Loudon Wainwright III (Berkeley, CA - February 13th, 2010)

Loudon Wainwright III Berkeley, CA - February 13th, 2010


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The general critical consensus on what’s turned out to be the folksy third trimester of Loudon Wainwright III’s career typically views the singer-songwriter as a dreadnought confessional ironist—the deepened, aged version, perhaps, of Loudon’s earlier, more prankstery and musically dilettantish persona—but often overlooks his wizened yowl of a tenor and delightfully off-kilter, if only technically proficient, rhythm guitar skills. Then again, when you’re singing lyrics about flattened mephitidae and mammary fetishes with the same plaintive candor you use to intimate autobiographical tales of domestic abuse, it tends to overshadow your subtle musicality. Still, Wainwright’s last three releases have made an impressive case for the man’s interpretative prowess, and therein his gift as a sympathetic vocalist. First he covered not only Peter Blegvad’s sing-songy heart-stroke of a filial love letter, “Daughter,” but a slight Mose Allison tune on the soundtrack to Knocked Up (his most consistent album since 1992’s epochal History, for anyone keeping score), and 2008’s Recovery was a collection of reworked and pleasantly polished Wainwright near-gems that revealed an unexpectedly revisionist eye.

But last year’s High, Wide & Handsome: The Charlie Poole Project was more than simply an honest, scholarly, and genuinely touching attempt at old-time revivalism that rode mule-powered circles around similar attempts by Bruce Springsteen and Bob Dylan earlier in the decade; it was an opportunity for Wainwright to prove he could be the star of a show that wasn’t his and shine a rusty, trusty flashlight into the nooks and crannies of an elusive figure’s emotional historicity. Granted, Poole’s hardship wasn’t too far removed from Wainwright’s—hard drinking, mistrust of “the man” (i.e. music publishers), whiny arrogance—and the album took a talented village to succeed, including producer/historian Dick Connette, who provided the album’s remarkable attention to detail (and, maybe more crucially, its budget), and a host of peripherally-related cast members such as the Roches and various Wainwright progeny. But there’s no mistaking the name on the album cover, and even when Loudon relinquishes the mic to other players for tunes about, rather than by or from the point of view of, Poole (Maggie Roche’s tender role-playing ballad about the frustrations of Poole matrimony was one of 2009’s aural zeniths), it’s his face we imagine the women bawling and the landlords fuming over.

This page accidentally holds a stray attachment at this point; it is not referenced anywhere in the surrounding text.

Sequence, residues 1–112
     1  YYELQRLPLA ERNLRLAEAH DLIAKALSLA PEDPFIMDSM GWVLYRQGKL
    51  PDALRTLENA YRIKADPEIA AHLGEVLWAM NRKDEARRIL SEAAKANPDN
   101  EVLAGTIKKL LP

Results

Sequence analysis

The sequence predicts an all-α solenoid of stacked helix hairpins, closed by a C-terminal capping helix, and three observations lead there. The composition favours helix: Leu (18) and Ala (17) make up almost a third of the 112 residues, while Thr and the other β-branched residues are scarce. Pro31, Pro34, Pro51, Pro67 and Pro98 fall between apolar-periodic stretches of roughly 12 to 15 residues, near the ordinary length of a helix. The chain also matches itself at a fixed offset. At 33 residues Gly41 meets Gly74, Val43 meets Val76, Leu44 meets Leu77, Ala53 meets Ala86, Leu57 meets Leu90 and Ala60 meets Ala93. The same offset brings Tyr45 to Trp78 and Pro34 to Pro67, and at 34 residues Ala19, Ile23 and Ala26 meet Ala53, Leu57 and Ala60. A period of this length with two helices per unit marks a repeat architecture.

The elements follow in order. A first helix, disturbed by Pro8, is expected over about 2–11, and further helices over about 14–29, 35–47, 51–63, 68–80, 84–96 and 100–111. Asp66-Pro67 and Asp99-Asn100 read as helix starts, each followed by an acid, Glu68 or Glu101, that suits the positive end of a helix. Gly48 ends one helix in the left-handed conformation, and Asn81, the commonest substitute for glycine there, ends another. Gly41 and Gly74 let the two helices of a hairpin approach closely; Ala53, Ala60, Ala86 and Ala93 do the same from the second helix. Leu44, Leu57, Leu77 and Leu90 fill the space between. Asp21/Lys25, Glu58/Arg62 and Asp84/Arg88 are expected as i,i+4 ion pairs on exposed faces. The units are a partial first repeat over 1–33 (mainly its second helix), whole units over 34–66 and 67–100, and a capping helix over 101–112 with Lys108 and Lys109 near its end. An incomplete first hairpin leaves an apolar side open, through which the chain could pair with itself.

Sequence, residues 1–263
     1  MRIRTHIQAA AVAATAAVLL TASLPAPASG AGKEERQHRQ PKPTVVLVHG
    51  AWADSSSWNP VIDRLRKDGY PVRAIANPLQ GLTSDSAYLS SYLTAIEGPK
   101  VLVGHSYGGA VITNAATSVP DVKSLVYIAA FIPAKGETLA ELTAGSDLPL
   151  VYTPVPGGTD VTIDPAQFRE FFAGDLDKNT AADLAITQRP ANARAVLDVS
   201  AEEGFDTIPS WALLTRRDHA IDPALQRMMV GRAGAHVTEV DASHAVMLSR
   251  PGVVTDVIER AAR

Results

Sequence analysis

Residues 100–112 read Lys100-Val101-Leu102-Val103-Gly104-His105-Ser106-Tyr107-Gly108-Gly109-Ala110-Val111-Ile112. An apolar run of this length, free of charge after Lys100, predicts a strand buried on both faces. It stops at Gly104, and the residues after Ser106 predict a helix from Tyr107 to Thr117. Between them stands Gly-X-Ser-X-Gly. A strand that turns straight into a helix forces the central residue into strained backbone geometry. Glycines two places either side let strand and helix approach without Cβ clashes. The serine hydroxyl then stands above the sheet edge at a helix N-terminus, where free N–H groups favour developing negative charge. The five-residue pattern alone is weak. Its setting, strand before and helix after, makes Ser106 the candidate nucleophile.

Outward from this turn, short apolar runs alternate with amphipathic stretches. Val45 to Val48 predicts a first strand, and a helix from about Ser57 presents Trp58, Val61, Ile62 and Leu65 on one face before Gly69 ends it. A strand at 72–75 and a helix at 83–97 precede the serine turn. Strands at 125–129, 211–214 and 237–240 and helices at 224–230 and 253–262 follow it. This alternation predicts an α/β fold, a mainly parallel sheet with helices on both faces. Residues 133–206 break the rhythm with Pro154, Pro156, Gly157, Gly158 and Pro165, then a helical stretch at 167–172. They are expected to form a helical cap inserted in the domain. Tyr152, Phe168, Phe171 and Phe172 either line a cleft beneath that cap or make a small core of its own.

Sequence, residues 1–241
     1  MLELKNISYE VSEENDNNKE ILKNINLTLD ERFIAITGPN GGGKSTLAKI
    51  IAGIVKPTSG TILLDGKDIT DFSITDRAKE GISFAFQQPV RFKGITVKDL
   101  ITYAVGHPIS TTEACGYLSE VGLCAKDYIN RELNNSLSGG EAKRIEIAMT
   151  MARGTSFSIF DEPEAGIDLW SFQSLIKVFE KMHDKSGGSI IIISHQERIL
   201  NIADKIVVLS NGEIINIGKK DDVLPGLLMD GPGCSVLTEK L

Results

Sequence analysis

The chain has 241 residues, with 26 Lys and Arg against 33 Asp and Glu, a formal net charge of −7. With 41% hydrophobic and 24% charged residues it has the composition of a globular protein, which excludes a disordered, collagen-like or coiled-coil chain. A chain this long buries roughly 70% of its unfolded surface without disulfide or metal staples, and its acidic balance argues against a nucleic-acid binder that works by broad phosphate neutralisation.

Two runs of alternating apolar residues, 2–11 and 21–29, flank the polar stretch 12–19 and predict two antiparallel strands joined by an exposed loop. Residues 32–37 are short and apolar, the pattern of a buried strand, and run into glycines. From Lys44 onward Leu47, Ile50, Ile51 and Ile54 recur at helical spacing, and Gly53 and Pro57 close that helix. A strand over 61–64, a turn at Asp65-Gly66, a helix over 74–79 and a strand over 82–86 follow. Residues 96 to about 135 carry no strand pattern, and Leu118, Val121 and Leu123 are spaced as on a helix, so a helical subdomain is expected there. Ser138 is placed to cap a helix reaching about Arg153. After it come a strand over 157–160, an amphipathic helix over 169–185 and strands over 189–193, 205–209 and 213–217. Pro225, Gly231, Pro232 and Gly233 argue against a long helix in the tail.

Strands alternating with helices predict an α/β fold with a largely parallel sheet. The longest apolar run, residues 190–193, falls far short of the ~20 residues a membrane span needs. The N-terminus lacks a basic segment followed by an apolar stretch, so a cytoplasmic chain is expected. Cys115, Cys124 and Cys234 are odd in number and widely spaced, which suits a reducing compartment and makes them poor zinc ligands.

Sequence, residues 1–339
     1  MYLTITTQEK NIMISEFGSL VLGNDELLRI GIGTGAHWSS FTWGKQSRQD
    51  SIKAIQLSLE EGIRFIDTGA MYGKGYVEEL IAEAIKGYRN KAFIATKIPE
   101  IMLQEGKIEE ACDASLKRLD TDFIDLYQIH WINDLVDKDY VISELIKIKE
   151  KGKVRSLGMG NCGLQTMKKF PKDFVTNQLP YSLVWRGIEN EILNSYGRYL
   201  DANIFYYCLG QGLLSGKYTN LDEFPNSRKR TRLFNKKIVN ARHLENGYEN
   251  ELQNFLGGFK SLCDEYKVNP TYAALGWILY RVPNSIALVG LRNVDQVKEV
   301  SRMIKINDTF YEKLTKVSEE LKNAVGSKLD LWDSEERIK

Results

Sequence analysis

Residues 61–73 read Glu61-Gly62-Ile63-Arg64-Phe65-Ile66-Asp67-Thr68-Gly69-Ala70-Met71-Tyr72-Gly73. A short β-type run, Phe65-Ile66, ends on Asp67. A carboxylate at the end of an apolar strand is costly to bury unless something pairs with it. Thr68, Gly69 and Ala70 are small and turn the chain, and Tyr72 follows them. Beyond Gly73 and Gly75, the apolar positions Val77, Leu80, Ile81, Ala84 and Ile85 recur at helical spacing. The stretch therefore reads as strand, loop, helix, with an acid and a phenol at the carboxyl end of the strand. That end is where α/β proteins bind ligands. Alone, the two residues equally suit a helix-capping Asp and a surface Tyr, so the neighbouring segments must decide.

On February 13th, Wainwright played the Freight and Salvage in Berkeley (once a cramped coffee house, the Freight has since expanded into a modest auditorium large enough for bluegrass moshing) as part of a Northwestern cluster of solo shows. Advertised as a representation of the High, Wide & Handsome album, the program turned out to be more or less a Loudon Wainwright show with the distinction of exemplary recent material; rather than waiting impatiently to hear “Red Guitar” or “I’d Rather Be Lonely,” I was anxious to see whether or not he would attempt “Don’t Let Your Deal Go Down” or “Awful Hungry Hash House” sans thumping double bass and rousing four-part harmony. After a pleasant if predictable fiddle-and-guitar opening act, Wainwright carried a glistening D-28 and a scruffy banjo (allegedly purchased the evening before in Petaluma) to the stage and unabashedly launched into “Hat,” an as of yet unrecorded song about his daughter Lucy’s debut utterance and its possible significance. Afterward, he feigned an apology about his choice of material, explaining Charlie Poole’s backstory and gloating over the new album’s Grammy win earlier in the month. “Yeah, we’ll get around to some Charlie Poole numbers,” he said, grinning mischievously. “But first let’s hear some Loudon Wainwright songs.”